Disposable vape pens pose a “growing” threat to the environment, warns new research.
Popular single-use e-cigarettes contain batteries that last hundreds of cycles after being discarded, say scientists.
While the lithium-ion batteries in disposable vapes are throw away after a single use, researchers found that they can continue to perform at high capacity for hundreds of cycles.
The study, published in the journal Joule, was conducted by scientists from University College London (UCL) and the University of Oxford and supported by The Faraday Institution.
Professor Paul Shearing, of the University of Oxford and UCL, said: “The surprise for us were the results that pointed toward just how long these batteries could potentially cycle.
“If you use a low charge and discharge rate, you can see that for over 700 cycles, you still have more than 90 percent capacity retention.
“That’s a pretty good battery, actually. And these are just being discarded. They’re being chucked on the side of the road.”
Disposable e-cigarettes have soared in popularity in the UK since 2021, with a survey finding an 18-fold increase recorded between January 2021 and April 2022.
Within 15 months, their popularity among 18-year-olds rose from 0.4 percent to 54.8 percent.
But the surge in popularity of single-use e-cigarettes has led to “pressing” new waste problems, with around 1.3 million of the devices thrown away in the UK every week.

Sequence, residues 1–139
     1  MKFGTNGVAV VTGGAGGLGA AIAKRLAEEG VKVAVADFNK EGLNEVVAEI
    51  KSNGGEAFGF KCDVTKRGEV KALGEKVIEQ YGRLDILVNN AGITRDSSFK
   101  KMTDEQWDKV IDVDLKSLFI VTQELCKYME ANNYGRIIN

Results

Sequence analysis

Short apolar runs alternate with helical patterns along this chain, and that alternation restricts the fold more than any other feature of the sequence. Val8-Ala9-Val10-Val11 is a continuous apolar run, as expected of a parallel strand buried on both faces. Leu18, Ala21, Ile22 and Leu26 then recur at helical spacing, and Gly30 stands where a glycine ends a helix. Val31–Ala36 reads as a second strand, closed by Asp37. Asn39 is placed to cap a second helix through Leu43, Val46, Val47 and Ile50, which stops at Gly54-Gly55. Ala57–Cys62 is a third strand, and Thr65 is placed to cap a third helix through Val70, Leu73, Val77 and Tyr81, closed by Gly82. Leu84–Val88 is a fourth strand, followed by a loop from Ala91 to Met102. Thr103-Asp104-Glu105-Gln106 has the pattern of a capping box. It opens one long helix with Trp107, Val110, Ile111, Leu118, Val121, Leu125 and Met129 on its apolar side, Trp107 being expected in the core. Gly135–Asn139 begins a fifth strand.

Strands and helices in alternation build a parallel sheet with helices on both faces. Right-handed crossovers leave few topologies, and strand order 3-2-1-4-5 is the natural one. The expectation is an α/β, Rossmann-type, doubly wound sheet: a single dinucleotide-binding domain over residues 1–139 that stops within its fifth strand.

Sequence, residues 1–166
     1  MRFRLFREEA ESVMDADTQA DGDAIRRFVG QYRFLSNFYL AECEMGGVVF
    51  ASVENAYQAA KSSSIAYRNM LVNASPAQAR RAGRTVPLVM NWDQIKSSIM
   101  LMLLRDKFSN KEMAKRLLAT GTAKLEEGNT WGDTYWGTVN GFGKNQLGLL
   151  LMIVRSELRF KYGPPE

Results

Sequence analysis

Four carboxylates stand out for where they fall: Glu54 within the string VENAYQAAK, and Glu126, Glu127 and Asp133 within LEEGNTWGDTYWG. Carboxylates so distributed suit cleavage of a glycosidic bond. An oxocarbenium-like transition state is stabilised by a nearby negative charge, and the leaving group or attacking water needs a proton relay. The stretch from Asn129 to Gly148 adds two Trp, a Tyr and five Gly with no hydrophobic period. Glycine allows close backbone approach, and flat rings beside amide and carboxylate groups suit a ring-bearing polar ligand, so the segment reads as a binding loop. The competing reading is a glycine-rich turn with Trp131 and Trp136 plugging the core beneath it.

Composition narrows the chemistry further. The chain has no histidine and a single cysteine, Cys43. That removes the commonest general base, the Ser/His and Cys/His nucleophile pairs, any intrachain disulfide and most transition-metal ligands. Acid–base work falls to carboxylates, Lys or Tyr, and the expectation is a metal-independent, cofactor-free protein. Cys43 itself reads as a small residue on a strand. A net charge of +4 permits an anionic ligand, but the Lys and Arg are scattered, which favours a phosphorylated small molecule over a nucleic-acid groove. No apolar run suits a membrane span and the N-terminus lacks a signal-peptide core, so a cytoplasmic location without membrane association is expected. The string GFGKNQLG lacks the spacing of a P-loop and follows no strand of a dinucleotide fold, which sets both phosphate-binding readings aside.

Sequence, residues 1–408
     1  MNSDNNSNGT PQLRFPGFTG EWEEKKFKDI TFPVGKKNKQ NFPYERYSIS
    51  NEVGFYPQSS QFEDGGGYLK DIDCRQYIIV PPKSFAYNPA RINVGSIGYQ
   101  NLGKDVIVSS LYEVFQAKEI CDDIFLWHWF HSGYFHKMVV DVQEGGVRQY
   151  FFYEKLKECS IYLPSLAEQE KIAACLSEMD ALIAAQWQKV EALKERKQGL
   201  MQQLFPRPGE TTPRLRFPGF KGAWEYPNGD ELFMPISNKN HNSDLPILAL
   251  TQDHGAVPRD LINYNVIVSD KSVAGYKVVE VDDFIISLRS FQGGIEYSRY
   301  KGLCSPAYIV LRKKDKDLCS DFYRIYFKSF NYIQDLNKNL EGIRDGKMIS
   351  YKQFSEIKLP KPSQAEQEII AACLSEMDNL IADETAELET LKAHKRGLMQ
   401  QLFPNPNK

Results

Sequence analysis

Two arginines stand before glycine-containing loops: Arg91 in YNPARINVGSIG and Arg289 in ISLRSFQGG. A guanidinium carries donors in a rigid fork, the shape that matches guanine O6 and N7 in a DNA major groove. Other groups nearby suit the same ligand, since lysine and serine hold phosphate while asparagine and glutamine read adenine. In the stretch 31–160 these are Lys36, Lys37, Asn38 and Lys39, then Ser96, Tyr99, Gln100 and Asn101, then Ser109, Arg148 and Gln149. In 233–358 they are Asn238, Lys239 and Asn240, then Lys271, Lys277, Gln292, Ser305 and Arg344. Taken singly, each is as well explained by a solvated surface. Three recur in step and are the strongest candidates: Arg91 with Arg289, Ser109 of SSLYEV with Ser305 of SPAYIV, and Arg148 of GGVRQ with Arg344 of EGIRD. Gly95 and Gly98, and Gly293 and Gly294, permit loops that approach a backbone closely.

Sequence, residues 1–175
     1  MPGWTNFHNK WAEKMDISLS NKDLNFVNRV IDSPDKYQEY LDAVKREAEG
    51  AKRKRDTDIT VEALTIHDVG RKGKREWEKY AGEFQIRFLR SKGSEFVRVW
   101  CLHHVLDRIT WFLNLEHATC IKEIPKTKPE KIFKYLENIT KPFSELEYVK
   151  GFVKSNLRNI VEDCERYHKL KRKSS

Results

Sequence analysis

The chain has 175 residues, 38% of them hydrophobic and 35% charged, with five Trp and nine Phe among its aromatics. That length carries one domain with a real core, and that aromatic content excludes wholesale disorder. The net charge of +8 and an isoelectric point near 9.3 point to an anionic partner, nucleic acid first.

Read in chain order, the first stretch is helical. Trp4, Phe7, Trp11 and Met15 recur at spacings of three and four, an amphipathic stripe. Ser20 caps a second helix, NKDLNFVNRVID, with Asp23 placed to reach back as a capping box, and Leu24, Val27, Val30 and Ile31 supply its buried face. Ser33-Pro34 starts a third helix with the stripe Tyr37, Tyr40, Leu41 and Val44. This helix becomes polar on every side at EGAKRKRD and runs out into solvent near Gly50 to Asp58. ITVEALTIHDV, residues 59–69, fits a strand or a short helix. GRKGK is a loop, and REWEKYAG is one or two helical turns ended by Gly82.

As a result, around 10,000 kilos (more than 22,000 lbs) of lithium from e-cigarette batteries wind up in UK landfills each year, threatening nearby waterways with toxic nickel, cobalt, and organic solvents.
Shearing said: “Early on, we got the notion that the batteries going into these e-cigs were likely to be rechargeable batteries.”
He says previous studies had not assessed how long the lithium-ion batteries in the products were capable of lasting.
To test their hunch, Shearing and his team harvested batteries from disposable e-cigarettes under controlled conditions and assessed them using the same tools and techniques that they use to study batteries in electric vehicles and other devices.
They examined the batteries under microscopes and used X-ray tomography to map their internal structure and understand the constituent materials.
By repeatedly charging and discharging the batteries, they determined how well the batteries maintained their electrochemical performance over time.
Shearing said they found that they could be recharged “sometimes many hundreds of times.”
He said: “As a bare minimum, the general public needs to be aware of the types of batteries going into these devices and the need to properly dispose of them.
“Manufacturers should provide the ecosystem for reuse and recycling of e-cigarette batteries, and also should be moving towards rechargeable devices as the default.”
Shearing and his team are also researching new, more selective ways to recycle batteries that allow individual components to be recovered without cross-contamination.
They are also looking at more sustainable battery chemistries, including post-lithium ion, lithium-sulfur, and sodium-ion batteries.
To address challenges across the entire battery supply chain, he says scientists should consider batteries’ life cycles when thinking about any of their applications.
Shearing added: “That permeates all the work we do, really, whether it’s a vape battery or whether it’s a battery going into an electric helicopter.
“It’s the same kind of thought process where we need to fully understand the life cycle of a battery device.”
Produced in association with SWNS Talker
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